Archive for June, 2018

I think it’s highly likely, inevitable really, that we’ll be able to hook our brains up to computers in the near future, allowing us to connect directly to the Internet just by thinking about it.  The idea may have come from the fictional Neural Lace but there are several real projects underway to make this dream a reality.  Facebook’s attempt to let people type with their thoughts, Elon Musk’s Neuralink, and Bryan Johnson’s Kernel to name a few.

However, the drawback with this technology is how invasive it would be.  After all, it’s hard to connect your brain to the Internet wirelessly.  It’s the kind of thing that you’d need hardware to pull off.  And the idea of drilling a hole into my skull to implant a computer chip doesn’t sound all that appealing.  Thankfully, we may soon have another option.  A non-invasive way of approaching the problem.

The technology is known as CTRL-Kit and it comes to us from a company called CTRL-Labs.  The idea is that just by wearing a simple wristband you’ll be able to interact with various apps using only your thoughts.  For instance, imagine being able to walk around a virtual reality environment while lying on your couch.  Instead of actually walking around your living room in circles like you’d have to do today you can just sit still and just imagine yourself walking.

As the Verge describes, “CTRL-Labs’ work is built on a technology known as differential electromyography, or EMG. The band’s inside is lined with electrodes, and while they’re touching my skin, they measure electrical pulses along the neurons in my arm. These super-long cells are transmitting orders from my brain to my muscles, so they’re signaling my intentions before I’ve moved or even when I don’t move at all.”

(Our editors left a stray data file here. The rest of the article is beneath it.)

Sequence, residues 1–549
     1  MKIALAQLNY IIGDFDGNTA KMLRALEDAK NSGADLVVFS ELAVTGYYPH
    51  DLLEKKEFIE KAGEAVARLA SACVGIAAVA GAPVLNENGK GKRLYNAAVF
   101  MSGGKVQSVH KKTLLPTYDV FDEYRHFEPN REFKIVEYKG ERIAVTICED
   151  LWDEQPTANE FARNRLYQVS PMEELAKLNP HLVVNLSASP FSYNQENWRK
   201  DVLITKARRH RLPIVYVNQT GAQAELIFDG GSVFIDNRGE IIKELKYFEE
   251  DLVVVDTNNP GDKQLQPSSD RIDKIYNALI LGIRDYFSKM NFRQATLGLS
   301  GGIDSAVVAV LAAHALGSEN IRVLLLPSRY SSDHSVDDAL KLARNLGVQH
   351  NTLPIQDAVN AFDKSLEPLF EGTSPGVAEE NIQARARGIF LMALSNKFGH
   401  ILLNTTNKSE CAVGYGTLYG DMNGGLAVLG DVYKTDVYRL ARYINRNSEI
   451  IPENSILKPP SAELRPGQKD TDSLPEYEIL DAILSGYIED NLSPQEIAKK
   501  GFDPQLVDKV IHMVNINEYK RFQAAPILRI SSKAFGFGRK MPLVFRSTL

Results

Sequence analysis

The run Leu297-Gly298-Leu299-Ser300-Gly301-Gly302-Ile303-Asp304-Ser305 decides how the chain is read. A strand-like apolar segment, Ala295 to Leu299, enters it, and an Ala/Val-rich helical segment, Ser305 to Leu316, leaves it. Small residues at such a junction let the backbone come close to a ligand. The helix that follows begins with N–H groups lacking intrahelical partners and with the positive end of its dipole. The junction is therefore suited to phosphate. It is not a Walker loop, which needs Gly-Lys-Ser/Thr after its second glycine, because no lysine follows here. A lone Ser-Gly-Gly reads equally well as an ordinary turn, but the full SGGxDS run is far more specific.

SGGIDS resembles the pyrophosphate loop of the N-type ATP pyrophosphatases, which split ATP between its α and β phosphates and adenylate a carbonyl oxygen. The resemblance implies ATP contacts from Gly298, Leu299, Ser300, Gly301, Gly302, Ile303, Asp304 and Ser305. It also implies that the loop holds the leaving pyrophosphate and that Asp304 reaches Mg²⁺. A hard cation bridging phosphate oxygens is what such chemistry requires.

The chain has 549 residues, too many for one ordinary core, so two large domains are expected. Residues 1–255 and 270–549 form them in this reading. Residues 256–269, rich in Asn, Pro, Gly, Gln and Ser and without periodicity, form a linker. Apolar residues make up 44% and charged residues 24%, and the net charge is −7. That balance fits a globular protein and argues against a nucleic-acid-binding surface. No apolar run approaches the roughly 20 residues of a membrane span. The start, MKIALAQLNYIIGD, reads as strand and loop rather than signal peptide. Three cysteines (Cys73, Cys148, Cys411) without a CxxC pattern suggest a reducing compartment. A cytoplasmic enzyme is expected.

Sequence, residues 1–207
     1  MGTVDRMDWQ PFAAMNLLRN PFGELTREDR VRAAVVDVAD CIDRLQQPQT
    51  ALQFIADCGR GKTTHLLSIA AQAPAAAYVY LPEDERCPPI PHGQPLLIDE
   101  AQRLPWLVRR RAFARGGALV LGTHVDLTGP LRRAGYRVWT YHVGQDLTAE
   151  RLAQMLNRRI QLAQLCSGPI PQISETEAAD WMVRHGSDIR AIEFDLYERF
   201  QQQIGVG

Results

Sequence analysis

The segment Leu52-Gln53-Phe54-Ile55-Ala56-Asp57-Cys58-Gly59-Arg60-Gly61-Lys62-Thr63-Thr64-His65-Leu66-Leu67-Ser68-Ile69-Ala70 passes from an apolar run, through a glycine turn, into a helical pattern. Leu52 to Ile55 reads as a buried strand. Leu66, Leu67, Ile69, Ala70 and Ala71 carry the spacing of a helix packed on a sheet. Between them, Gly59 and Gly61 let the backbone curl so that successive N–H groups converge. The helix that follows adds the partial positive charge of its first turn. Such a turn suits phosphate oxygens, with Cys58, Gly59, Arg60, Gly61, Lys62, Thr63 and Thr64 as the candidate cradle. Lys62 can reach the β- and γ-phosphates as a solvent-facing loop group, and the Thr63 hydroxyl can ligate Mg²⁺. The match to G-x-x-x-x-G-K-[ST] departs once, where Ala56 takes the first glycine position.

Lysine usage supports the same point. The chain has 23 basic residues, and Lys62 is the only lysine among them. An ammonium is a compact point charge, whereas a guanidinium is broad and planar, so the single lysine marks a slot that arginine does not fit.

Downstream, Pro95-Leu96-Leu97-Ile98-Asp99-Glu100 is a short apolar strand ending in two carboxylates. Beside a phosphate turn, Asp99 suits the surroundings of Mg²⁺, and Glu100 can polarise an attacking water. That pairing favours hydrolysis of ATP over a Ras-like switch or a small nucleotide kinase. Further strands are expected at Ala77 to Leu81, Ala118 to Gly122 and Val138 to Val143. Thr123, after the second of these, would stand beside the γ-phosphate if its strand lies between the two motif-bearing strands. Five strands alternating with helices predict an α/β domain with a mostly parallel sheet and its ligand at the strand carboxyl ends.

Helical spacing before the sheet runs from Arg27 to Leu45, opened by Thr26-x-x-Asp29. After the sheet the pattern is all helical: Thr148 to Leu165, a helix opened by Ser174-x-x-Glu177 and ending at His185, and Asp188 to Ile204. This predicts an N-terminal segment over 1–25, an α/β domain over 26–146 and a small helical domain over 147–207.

In other words, why cut out the middle man when you can just piggyback on their signal instead.  By using the neurons in our arms, instead of the ones in our brains, we’ll be able to achieve the same results with less risk.  It’s a clever hack and one that could ultimately be responsible for the technology going mainstream.  Which, I for one, hope happens sooner rather than later.  Because quite frankly, there are few things in life cooler than being able to control things with your mind.

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Is CTRL-Kit the Greatest Idea Ever?

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Whoever said there’s no such thing as a bad idea had clearly never heard of Flopstarter, a new crowdfunding platform for novel inventions in the vein of Kickstarter and IndieGoGo with one clear distinction: the ideas are horrible.  On purpose.

As Fast Co. Design puts, “a ‘mole skin’ notebook made from real, skinned moles. A line of vintage apparel made exclusively from clothing people have died in. A minimalist watch that does away the numbers, the minute and hour hands, and really any discernible way to tell the time at all.  These are just some of the many horrible, horrible ideas on Flopstarter–what claims to be both ‘a real crowdfunding site’ and a ‘platform for bad ideas’ created by designer-provocateur Oli Frost…”